Nevertheless, it doesn't appear that Trump's commitment to his German roots has done much to ease his relationship with Germany. Nor does his view of the world seem to have changed much since the Playboy interview. He has repeated many of the passages featured in it in some way or other since his election. Like when he said Americans are laughed at for defending wealthy nations and getting nothing in return. "Our allies make billions by ripping us off."
Over the years, Trump has remained fixated on Germany as the alleged primary beneficiary of American largesse. "Probably the greatest leader in the world," Trump said in praise of Merkel in 2015. But when Time magazine named the chancellor its "Person of the Year" four months later, Trump sent out a furious tweet. "I told you @TIME Magazine would never pick me as person of the year despite being the big favorite They picked person who is ruining Germany."
A Fateful Vote for Merkel?
The odd thing is that it's possible Merkel would not still be chancellor today were it not for Trump. His election in November 2016 came during a time in which Merkel was mulling whether to run for another term or not. People close to Merkel say she was seriously wrestling with the question at the time and that if Hillary Clinton had won the election, the chancellor probably would have stepped down.
As we know today, things turned out differently. When Trump was elected president on Nov. 8, 2016, the chancellor sent her congratulations, but her choice of wording marked a first in German-American postwar history. Her statement contained the usual polite formulations, but ended by admonishing that the U.S. and Germany are united by values such as democracy and respect for human dignity. "I offer the next president of the United States close cooperation on the basis of those values," Merkel said.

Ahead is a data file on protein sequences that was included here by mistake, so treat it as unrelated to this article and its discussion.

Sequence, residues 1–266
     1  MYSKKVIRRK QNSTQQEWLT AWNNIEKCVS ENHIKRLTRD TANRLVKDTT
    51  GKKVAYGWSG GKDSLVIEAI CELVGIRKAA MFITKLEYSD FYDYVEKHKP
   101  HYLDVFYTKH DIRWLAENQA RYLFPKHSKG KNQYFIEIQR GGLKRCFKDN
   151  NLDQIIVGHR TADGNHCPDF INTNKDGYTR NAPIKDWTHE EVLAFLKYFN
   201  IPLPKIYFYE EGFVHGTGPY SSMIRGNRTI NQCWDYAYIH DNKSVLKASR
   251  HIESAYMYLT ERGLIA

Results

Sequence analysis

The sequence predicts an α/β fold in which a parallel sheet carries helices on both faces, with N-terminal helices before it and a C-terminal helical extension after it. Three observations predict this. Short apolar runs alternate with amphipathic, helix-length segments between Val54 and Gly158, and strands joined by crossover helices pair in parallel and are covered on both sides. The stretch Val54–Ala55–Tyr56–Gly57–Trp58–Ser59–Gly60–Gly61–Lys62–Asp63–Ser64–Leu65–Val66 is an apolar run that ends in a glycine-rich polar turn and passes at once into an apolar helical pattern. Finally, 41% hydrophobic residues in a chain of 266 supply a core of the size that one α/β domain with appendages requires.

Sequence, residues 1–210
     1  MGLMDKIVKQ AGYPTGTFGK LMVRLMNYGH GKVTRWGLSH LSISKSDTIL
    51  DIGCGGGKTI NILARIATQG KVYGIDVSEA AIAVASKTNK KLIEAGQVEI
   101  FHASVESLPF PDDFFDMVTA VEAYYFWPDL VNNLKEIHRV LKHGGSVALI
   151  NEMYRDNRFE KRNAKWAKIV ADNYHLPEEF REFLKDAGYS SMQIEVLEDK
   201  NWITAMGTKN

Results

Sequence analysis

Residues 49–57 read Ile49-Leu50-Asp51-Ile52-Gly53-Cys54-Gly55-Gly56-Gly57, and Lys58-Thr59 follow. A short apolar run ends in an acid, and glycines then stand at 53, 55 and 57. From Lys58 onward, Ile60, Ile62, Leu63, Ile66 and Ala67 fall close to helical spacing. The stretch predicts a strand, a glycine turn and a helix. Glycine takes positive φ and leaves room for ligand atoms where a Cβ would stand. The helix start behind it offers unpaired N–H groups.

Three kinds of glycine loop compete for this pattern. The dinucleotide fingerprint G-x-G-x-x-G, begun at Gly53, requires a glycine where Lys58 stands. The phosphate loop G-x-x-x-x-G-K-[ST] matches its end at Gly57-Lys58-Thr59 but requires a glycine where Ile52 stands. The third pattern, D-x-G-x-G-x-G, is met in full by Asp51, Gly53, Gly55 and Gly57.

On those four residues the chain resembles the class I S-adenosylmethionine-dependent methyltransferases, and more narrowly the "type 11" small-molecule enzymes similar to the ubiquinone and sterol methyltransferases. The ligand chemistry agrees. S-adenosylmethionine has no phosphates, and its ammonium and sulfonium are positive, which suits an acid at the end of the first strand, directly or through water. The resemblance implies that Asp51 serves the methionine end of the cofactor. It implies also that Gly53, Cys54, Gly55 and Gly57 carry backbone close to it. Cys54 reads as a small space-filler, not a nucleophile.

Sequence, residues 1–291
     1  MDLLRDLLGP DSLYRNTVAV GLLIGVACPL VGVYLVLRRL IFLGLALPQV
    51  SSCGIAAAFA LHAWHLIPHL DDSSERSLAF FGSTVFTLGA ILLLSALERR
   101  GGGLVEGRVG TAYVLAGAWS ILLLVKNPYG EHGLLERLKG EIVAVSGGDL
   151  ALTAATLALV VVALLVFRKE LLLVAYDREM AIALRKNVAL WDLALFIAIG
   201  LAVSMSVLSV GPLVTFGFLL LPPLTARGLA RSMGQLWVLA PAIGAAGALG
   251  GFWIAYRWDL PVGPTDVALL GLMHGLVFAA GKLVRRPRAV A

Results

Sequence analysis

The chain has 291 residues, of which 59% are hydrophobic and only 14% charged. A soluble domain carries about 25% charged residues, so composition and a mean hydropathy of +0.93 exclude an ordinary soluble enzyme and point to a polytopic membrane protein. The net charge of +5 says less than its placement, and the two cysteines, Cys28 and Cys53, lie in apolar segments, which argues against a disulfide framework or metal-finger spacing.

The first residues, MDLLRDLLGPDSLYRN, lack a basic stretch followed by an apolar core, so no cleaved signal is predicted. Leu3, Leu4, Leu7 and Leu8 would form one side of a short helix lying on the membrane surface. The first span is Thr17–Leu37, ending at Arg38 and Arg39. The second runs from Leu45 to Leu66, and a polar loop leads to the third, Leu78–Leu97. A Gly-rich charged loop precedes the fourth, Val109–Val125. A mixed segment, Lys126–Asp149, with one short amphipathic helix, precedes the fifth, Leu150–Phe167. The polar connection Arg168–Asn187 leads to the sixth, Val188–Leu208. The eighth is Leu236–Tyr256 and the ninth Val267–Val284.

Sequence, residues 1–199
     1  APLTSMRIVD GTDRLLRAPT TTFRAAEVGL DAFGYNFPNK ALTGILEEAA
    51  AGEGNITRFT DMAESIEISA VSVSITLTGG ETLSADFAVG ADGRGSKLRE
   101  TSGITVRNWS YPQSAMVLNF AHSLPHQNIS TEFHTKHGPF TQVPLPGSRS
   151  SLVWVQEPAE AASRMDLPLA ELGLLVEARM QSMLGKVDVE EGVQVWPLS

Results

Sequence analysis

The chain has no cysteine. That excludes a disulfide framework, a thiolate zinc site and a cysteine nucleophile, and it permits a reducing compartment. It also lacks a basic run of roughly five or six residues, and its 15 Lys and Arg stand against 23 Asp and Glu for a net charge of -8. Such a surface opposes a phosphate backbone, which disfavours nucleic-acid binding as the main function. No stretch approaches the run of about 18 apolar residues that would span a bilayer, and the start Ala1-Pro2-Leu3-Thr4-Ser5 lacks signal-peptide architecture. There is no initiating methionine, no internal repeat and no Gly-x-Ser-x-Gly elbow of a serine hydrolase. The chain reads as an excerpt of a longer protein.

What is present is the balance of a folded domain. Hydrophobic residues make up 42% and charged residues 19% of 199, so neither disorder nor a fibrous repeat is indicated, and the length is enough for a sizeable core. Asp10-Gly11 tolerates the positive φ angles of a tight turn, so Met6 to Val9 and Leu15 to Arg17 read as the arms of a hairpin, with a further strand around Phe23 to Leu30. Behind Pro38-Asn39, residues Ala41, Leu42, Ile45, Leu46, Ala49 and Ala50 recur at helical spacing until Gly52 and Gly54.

It was an affront to say the very least. A German chancellor reminding the American president that he must respect his own, 200-year-old Constitution? When the chancellor visited Trump in Washington for the first time in March 2017, the frosty climate was attributed to Merkel's rather unorthodox congratulatory message.
The chancellor herself viewed the situation differently. In the final days of his presidency, she held a long conversation with Barack Obama during a lengthy dinner at Berlin's Hotel Adlon as part of his last official visit to Berlin in mid-November 2016. From Merkel's perspective, Trump is driven largely by his rejection of the Obama era. As a person considered to be a very close ally of Obama, she is thus a target of the same hostilities.
An Ahistorical President
Initially, many in the German government thought Trump, like so many presidents before him, would eventually be tamed once he was in the White House. But Merkel herself never counted as one of the proponents of that theory. She said early on that Trump would implement his agenda point by point, and she was right.
In Merkel's eyes, Trump is an ahistorical president, meaning that nothing that happened before his term in office holds any relevance to him. That in part explains why he is just as rude in his dealings with the United Nations and NATO as he is with the G7 states. This is further complicated by Trump's tendency to lump problems together.
And it's not as if Merkel hasn't made any effort. During her last visit to Washington at the end of April, she gave Trump an etching dating back to 1705 that includes an image of Palatinate and Kallstadt. Merkel also invited the president to visit the small town.
The chancellor can even see what she views as a very friendly side of Trump. At the same time, she doesn't believe that flattery will work in steering him away from his plans. Merkel followed with a certain amount satisfaction how Emmanuel Macron initially made a major effort to court Trump, one that produced little by way of results.
- Part 1: Trump Takes Aim at Germany and NATO
- Part 2: A Grossly Misleading Economic View